Was 2020 a year to remember or a year to forget? Most of us would say the latter. It’s easy to find the downsides in 2020, harder to find the upsides, especially if grief has become personal. But many have also made big transitions in their lives: got married, changed jobs, received their exam results, started school, college or university, even started new dynamic businesses in response to the year’s challenges.

For those of us with a lifetime behind us, one year out of many might be OK to regard as just a year that has drifted by, keeping safe in our bunkers. For our four grandsons, 2020 was between a quarter and an eighth of their lives.

Looking forward, 2021 is full of hope, as vaccines get rolled out, tinged with worry, perhaps, as new variants emerge, but there is no doubt that amazing progress has been made. Progress that would not have been possible without a positive attitude from our best talent engaging in research programmes to find vaccines that work, inventing new medical devices to help treat patients, providing new ways to connect people digitally, or solving logistical issues and problems to keep economies moving. The practical appliance of science to better understand and address real world issues has shown us that positive action is a far better response than passive acceptance. And that is why engineers have made an impact.

But as I said in a blog in July: “The Covid-19 world will be different. But the planet-sized risk of climate change has not gone away. We need to use our thought leadership and our networking to help to make a better, smarter world with no increased risk to life – not just in the short term, but in the very, very long term.” If there is a message from 2020, it is that we have not only to put Covid-19 behind us, but to deal with Climate Change and its consequences, and for us not to forget that even greater existential threat.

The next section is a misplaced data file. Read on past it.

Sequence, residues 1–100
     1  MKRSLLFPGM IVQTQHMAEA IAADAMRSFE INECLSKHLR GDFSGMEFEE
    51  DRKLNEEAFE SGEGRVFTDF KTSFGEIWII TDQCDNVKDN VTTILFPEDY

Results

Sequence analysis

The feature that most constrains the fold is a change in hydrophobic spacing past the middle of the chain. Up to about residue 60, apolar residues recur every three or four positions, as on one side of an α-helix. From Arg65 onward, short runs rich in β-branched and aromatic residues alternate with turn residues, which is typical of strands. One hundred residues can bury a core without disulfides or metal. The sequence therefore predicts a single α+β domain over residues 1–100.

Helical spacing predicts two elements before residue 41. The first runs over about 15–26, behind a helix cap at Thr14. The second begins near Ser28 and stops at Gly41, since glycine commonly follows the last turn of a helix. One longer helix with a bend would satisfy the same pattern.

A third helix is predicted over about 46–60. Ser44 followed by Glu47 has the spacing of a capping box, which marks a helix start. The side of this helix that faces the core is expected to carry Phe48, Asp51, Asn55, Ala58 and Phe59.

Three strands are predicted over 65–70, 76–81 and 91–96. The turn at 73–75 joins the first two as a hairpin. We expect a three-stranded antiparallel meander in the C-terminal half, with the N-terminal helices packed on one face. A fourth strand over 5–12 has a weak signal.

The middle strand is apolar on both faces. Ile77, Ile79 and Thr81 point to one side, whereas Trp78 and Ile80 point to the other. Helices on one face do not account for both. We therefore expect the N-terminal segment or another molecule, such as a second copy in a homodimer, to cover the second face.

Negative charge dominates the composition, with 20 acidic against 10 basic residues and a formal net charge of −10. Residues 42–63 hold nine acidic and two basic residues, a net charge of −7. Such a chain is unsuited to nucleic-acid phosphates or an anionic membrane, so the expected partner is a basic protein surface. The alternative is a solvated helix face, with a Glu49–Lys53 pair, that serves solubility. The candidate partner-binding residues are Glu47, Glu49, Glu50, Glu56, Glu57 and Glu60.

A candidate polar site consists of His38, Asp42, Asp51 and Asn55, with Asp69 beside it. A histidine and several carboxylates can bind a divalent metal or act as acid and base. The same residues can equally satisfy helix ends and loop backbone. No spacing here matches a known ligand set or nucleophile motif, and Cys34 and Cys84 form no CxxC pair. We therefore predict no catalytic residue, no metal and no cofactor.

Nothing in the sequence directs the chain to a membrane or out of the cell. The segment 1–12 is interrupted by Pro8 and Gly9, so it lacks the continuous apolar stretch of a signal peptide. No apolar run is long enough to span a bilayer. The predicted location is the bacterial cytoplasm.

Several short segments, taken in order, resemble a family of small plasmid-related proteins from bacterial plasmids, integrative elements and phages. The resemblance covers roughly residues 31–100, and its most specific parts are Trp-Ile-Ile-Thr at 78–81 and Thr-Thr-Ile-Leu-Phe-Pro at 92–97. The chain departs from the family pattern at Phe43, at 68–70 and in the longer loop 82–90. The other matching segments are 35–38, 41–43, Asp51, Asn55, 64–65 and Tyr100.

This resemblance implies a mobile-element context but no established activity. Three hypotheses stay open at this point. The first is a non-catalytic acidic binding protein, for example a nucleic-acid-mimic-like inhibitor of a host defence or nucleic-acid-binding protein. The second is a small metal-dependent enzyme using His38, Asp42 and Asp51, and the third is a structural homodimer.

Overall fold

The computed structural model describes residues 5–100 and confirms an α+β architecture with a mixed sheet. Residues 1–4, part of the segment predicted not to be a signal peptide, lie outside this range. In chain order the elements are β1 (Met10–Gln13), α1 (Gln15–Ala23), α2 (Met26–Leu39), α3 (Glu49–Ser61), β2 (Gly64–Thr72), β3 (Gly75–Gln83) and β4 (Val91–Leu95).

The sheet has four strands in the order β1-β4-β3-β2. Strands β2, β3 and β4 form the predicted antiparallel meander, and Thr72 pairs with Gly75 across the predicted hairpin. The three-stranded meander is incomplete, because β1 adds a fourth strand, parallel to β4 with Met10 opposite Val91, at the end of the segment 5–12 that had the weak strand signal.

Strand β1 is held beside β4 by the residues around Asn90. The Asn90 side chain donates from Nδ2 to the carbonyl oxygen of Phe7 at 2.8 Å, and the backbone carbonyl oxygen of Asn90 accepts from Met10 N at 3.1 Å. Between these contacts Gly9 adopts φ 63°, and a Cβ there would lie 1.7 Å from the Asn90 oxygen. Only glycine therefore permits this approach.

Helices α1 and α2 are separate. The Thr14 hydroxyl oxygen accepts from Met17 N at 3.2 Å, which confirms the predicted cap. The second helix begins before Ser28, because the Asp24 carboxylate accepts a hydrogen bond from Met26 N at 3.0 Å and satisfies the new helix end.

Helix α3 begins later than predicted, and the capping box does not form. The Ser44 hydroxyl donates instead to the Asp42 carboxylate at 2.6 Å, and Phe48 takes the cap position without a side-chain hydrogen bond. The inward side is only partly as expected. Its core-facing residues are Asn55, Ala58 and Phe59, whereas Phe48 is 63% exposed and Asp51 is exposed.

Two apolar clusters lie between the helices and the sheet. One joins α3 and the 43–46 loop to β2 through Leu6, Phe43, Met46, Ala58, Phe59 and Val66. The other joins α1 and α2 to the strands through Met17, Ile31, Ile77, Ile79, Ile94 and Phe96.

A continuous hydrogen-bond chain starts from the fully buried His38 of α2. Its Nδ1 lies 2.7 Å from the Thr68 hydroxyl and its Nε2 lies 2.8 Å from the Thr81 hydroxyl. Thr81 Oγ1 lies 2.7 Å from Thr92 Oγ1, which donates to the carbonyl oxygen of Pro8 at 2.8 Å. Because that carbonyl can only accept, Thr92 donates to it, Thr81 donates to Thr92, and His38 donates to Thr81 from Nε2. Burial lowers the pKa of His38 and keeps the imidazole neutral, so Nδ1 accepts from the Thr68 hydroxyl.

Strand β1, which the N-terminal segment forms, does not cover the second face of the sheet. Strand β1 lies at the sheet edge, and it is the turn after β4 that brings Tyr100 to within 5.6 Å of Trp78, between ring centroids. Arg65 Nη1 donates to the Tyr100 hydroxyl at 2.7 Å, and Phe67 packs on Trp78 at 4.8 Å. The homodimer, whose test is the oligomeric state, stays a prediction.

Who is going to help us provide solutions? In whom should we invest to preserve the futures for our grandchildren? If you do have more spare time over the Christmas holiday, I strongly recommend listening to Mark Carney’s 2020 Reith Lectures on the BBC. In his fourth and final lecture, he identifies three essential challenges that we need to conquer for a successful future: engineering, political and financial. What a superb endorsement of the value of engineers and engineering. And what a heavy responsibility. Associated with these challenges is his call for a fundamental redefinition of value in our societies to “resilience, solidarity and sustainability”; and redefining value is a political, corporate but also a personal issue.

If there is anything positive about 2020, perhaps it might be that we have re-examined our personal definitions of value in the face of an existential threat: we should know now what REALLY matters to us; the faith and the beliefs that we hold to be true, and the ethical principles that guide us. And if we have made a positive redefinition, or a reinforcement, of our values to align with resilience, solidarity and sustainability, we are well on the way to engineering our better future.

May that we can all make a positive difference, in some way, in 2021.

Gordon Masterton,
Master, The Worshipful Company of Engineers